Originally published May 31, 2015: T-Bucket headers are an important component that are easily taken for granted.
They can make all the difference in the overall appearance of a T-Bucket.
As an early example from the 1940s, the Ed Iskenderian “La Cucaracha” T roadster utilized pretty utilitarian, although beautiful in terms of lines and chrome, headers with the three individual ports going into a larger exhaust tube that led back to the car’s rear axle.
By the early 1950s, Norm Grabowski’s “Lightnin’ Bug” version of his famous T-Bucket carried on the same basic design that Isky used a decade before, although Norm made his with a shorter collector pipe that exited right past the door.
Just a few years later, though, when Norm’s radical makeover turned it into what we now call the Kookie Kar the headers were one of it’s most distinctive features, with three individual staggered pipes emptying into a trucker-like exhaust that followed the lines of the abbreviated pickup bed.
After checking out Norm’s T-Bucket prior to building his own, Tommy Ivo went with equal length pipes into a collector exiting behind the door for his Buick nailhead engine.
Through the 60s and early 70s a wide variety of T-Bucket headers were utilized and the “weed burner” style like on Danny Eichstedt’s “Leg Show” was quite popular.
T-Bucket Headers Big Change Takes Place
Around about 1967, though, something was getting started by a couple of hot rodders in Northern California that would have long-term influence on T-Bucket headers.
The story is told in a Sanderson Headers ad from September, 1981. It read:
“Fifteen years ago, this month, Andy Brizio and a bunch of his street rodder buddies had an idea for a new car. It was to be a T-roadster but it also had to be available in kit form to anyone anywhere using the exact same parts Andy used in his T to win the Oakland Roadster Show. One of these street rodders was Fred Sanderson. He proposed a bold new design for a street rod header.
A complete self contained exhaust system inside a beautiful show chrome header.
Andy said, ‘Go ahead and build a set and we’ll see how they look.’
Fifteen years and 10,000 sets later we think Andy and Fred had the right idea. It has been the most copied header in the world.
Andy said then, and still says, ‘I only run the best parts on my rods and I wouldn’t sell anything less to my customers.’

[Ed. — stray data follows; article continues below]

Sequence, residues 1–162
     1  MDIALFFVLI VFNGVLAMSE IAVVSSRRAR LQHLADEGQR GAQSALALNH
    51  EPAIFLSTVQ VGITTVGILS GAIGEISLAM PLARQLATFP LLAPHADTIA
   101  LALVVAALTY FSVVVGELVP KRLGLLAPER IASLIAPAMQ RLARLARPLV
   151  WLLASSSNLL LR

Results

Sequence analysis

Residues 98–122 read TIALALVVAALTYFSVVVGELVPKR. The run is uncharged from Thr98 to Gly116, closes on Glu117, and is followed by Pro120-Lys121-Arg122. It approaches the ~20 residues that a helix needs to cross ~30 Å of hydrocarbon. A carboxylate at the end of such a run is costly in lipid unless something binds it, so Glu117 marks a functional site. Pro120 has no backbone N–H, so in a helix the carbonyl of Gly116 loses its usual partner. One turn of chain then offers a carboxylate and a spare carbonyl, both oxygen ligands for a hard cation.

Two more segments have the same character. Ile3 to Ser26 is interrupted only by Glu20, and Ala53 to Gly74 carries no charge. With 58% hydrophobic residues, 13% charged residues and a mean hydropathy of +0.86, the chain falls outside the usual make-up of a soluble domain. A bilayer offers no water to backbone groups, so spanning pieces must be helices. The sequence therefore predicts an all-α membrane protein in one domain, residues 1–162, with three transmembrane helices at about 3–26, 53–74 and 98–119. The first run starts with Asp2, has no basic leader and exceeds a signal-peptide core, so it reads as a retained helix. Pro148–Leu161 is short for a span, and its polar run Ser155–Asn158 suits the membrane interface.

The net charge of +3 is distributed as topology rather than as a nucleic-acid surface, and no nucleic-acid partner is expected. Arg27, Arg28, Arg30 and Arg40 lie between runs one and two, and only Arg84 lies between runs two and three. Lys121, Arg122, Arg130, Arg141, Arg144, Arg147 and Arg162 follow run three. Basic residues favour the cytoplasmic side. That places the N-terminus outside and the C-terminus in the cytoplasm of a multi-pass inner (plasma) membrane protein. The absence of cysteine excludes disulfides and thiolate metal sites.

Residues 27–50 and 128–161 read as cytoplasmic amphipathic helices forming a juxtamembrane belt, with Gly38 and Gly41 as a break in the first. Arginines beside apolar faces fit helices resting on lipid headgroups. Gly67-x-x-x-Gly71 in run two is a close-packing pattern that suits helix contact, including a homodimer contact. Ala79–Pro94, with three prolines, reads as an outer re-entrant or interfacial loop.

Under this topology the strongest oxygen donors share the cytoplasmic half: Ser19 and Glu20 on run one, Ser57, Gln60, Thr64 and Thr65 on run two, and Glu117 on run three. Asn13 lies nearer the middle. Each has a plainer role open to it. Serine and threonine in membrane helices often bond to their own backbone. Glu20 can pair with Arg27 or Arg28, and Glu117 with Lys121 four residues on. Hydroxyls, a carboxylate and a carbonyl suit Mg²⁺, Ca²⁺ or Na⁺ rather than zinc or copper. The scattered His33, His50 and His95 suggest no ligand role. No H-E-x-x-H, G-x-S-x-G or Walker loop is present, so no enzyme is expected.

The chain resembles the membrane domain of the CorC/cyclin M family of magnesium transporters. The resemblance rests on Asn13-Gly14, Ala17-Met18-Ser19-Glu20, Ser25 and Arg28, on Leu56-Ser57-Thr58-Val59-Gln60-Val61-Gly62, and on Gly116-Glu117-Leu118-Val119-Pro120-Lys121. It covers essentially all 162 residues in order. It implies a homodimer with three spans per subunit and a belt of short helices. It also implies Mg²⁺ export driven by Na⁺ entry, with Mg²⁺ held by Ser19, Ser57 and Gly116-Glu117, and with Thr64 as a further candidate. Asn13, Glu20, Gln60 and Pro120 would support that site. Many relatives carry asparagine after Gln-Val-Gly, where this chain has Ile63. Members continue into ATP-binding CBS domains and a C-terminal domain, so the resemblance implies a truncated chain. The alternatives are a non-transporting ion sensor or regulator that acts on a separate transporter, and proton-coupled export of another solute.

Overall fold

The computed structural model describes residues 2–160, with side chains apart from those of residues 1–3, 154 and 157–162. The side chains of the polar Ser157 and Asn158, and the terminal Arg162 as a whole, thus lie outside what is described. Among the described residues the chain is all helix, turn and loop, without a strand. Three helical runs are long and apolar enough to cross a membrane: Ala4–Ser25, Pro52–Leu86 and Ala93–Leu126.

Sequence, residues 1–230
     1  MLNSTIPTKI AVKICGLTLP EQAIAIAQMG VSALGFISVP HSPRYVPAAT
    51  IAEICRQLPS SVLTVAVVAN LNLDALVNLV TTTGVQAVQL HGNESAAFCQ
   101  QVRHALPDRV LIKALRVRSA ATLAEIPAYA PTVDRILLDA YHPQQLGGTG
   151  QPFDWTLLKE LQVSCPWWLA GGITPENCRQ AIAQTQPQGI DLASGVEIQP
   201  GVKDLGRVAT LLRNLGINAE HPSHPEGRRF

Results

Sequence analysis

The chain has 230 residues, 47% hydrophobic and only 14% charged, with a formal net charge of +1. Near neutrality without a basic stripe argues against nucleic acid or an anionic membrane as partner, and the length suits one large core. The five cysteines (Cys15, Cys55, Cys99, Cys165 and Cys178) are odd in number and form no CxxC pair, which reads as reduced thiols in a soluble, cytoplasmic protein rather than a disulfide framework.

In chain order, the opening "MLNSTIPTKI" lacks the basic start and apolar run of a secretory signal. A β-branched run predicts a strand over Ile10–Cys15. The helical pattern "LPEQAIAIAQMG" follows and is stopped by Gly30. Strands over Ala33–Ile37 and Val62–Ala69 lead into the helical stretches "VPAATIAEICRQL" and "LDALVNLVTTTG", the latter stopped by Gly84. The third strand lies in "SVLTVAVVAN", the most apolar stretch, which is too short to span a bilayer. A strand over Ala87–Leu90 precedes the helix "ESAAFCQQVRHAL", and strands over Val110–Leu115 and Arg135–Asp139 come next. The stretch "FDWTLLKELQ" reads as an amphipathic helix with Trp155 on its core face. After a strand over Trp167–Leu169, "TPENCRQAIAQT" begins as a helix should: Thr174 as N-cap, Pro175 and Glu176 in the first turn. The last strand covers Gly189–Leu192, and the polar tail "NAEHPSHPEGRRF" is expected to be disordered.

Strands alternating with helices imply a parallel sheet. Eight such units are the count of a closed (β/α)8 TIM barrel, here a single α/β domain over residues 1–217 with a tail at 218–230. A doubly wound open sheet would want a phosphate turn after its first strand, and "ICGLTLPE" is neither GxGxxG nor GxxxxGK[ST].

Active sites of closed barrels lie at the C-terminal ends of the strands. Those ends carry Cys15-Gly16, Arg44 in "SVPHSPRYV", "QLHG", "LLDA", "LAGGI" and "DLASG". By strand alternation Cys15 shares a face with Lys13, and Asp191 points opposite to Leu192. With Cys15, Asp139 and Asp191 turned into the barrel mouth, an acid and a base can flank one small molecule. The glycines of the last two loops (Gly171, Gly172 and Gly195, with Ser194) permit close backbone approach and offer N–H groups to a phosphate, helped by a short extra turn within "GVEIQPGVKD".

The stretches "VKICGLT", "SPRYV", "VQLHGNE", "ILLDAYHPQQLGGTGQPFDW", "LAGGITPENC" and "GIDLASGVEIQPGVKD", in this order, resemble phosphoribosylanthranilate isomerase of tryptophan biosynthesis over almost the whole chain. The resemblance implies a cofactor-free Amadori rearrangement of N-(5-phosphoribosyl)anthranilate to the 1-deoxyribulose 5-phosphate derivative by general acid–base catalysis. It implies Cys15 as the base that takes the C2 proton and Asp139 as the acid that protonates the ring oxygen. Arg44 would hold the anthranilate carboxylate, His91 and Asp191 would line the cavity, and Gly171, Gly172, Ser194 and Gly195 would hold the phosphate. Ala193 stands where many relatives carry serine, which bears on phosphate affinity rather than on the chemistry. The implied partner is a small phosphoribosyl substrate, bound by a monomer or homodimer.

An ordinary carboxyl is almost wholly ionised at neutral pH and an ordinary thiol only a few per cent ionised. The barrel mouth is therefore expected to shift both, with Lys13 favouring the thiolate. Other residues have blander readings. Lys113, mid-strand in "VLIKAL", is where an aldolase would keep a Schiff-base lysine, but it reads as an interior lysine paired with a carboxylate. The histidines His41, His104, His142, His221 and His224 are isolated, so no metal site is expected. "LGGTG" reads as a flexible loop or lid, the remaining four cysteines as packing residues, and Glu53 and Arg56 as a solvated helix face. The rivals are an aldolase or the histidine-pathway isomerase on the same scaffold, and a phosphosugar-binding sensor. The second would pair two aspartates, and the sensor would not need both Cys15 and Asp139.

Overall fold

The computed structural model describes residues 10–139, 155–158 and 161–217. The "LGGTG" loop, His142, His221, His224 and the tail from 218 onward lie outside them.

This is why, fifteen years later, Andy still runs and recommends Sanderson Headers.
Well, Andy kept on improving his Instant T and entering the Oakland Roadster Show. On his third try in 1970, he took home the coveted American’s Most Beautiful Roadster trophy.
It didn’t take long for Sanderson to capitalize on that success and the rest, as they say is history.
As noted, many thousands of the Sanderson T-Bucket headers have been sold over the past 48 years and many thousands more similar headers for T-Buckets have been built by scores of other suppliers.
It’s very interesting to know that in an episode of “Engine Masters” David Freiburger, Steve Dulcich and Steve Brulé agreed that their standard dyno headers, which they refer to as “T-Bucket headers”, consistently offer the best performance over a wide range of engine modifications.
Of course, there is no “standard” T-Bucket header, nor should there be simply because T-Buckets are the ideal vehicle for expressing one’s mechanical creativity.
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2 thoughts on “T-Bucket Headers History”
The first picture shown here is a front view of a T with wild headers. Any info on who owned or built it or where it was located? I’m actually curious about the Mopar sedan in the upper left corner of the picture.
Thanks King. Other than being in California, I don’t have any other knowledge of the T’s builder. As for the Mopar in the background I’d bet dollars to donuts it ended up in a scrap yard 😉 Back then, not every AWB experiment was treated with reverence. From the looks of the broken glass on that one, my guess is it never made it to build completion.